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KEEPING THE HOME FIRES BURNING. Author Chris Gregory spends plenty of time practicing his craft in front of his coke and propane forges in his farrier workshop.
I have been fortunate enough to visit a lot of farriers’ shops, so I have an idea or two about what makes for a good one.
First, understand that it is important to set up a shop, or at least a workplace, as soon as you can after you begin your farrier career. For too many of us, that means facing the reality of finances (or the lack thereof) and the fact that the space has to be shared with the wife’s car, or worse, her horse. Do it anyway.
There is no doubt that it is easier to practice your craft at the end of a workday if you don’t have to pull your gear from your rig again. I know how it feels to want to get ready for a contest or a certification test, then talk yourself out of it when the day is done because your only anvil and forge are in the truck. The good intentions are there, but sometimes the willpower isn’t.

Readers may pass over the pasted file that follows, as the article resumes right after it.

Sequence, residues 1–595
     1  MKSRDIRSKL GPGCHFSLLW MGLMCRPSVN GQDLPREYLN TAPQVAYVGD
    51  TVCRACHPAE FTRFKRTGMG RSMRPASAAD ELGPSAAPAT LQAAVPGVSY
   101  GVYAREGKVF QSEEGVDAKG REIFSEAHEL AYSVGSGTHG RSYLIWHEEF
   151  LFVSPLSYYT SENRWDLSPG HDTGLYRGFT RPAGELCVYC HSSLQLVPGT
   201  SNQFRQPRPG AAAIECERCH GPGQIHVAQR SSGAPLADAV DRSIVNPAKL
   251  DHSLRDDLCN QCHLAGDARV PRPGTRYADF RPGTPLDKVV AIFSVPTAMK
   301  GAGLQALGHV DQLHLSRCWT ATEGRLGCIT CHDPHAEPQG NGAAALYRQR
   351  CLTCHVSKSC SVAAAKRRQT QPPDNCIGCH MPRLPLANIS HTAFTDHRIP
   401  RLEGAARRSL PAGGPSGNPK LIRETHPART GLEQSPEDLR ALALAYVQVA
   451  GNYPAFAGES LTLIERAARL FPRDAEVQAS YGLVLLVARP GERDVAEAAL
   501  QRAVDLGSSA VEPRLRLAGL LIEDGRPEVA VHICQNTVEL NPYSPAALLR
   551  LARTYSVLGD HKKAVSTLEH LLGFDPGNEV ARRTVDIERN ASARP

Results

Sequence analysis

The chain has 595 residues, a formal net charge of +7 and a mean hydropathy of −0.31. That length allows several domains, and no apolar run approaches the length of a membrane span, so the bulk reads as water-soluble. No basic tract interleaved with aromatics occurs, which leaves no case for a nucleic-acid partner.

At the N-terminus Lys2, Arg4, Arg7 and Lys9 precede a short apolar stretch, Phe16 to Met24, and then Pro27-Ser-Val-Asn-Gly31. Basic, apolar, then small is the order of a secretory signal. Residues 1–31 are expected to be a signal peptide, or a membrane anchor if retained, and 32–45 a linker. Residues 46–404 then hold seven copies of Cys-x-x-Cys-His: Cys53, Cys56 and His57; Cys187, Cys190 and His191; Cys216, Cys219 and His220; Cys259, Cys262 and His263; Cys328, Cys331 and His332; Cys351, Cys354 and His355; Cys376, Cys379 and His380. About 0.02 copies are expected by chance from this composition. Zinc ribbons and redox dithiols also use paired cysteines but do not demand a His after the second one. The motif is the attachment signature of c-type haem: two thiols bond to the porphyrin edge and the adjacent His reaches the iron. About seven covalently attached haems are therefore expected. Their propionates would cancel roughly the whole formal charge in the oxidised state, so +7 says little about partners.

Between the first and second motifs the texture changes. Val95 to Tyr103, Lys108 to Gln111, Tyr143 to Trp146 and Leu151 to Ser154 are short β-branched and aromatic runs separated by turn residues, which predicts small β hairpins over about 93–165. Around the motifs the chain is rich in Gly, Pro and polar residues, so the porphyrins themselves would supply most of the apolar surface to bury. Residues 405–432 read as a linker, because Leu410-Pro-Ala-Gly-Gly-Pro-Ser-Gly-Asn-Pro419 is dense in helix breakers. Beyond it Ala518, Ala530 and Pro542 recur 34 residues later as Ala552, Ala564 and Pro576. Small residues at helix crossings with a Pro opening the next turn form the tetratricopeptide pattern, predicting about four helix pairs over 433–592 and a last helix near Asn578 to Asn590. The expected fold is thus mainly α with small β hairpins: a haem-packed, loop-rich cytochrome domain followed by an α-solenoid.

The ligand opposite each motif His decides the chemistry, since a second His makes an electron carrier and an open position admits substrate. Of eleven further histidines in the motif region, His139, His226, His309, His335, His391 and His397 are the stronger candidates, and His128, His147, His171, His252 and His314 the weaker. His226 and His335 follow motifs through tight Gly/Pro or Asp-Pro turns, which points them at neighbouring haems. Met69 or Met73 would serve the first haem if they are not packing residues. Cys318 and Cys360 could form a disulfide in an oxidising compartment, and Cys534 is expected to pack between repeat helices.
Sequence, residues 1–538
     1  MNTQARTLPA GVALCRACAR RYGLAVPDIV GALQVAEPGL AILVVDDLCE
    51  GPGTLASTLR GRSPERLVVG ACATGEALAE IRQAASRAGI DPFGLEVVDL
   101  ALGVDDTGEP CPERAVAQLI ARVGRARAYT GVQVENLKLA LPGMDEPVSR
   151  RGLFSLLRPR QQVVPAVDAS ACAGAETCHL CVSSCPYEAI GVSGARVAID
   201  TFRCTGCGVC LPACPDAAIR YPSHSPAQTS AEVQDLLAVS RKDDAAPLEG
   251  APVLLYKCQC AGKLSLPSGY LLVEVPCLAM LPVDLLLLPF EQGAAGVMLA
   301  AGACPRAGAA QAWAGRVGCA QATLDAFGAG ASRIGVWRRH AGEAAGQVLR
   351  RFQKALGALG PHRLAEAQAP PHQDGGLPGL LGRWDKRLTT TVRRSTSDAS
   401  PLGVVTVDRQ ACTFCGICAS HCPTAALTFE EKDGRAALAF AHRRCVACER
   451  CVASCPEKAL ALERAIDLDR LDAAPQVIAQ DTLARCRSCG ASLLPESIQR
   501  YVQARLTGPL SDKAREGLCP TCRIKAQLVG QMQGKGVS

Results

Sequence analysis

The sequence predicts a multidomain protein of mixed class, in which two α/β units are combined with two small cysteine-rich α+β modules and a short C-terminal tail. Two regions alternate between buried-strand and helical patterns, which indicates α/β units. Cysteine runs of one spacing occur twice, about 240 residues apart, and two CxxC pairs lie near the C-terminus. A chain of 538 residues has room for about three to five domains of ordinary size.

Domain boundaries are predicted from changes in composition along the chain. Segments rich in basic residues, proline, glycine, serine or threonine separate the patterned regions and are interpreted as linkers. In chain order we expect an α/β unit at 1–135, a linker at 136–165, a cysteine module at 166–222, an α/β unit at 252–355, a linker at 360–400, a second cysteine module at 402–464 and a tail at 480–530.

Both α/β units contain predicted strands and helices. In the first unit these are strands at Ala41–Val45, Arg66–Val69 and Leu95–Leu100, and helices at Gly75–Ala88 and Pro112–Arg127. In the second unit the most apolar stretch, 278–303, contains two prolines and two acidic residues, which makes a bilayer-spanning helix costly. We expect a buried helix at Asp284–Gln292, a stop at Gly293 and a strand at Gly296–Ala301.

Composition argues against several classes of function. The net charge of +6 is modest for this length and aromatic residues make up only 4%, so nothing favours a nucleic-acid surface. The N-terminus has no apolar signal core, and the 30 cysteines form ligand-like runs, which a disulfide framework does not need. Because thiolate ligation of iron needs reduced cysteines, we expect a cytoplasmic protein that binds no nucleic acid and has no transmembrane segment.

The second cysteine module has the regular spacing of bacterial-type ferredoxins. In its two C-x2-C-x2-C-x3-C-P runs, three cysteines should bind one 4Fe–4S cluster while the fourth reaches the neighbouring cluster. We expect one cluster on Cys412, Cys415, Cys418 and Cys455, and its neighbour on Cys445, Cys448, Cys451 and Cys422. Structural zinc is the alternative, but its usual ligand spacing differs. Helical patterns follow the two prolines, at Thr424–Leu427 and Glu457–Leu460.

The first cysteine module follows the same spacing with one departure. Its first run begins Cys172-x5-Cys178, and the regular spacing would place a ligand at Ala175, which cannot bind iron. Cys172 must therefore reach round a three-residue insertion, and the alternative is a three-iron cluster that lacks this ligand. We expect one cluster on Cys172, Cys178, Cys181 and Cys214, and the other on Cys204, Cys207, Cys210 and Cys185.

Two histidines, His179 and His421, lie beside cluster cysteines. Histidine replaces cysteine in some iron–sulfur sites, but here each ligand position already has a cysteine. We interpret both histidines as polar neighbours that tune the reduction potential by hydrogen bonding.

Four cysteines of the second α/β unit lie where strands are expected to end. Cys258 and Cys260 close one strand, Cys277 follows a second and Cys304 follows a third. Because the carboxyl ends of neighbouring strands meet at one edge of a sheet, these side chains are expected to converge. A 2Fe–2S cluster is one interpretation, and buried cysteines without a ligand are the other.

That’s why buying another forge and anvil is a necessity for the farrier who is trying to improve his or her skills. And going to the expense of creating a permanent set-up will help you get past the willpower problem and make the extra practice more convenient. It will also allow you to…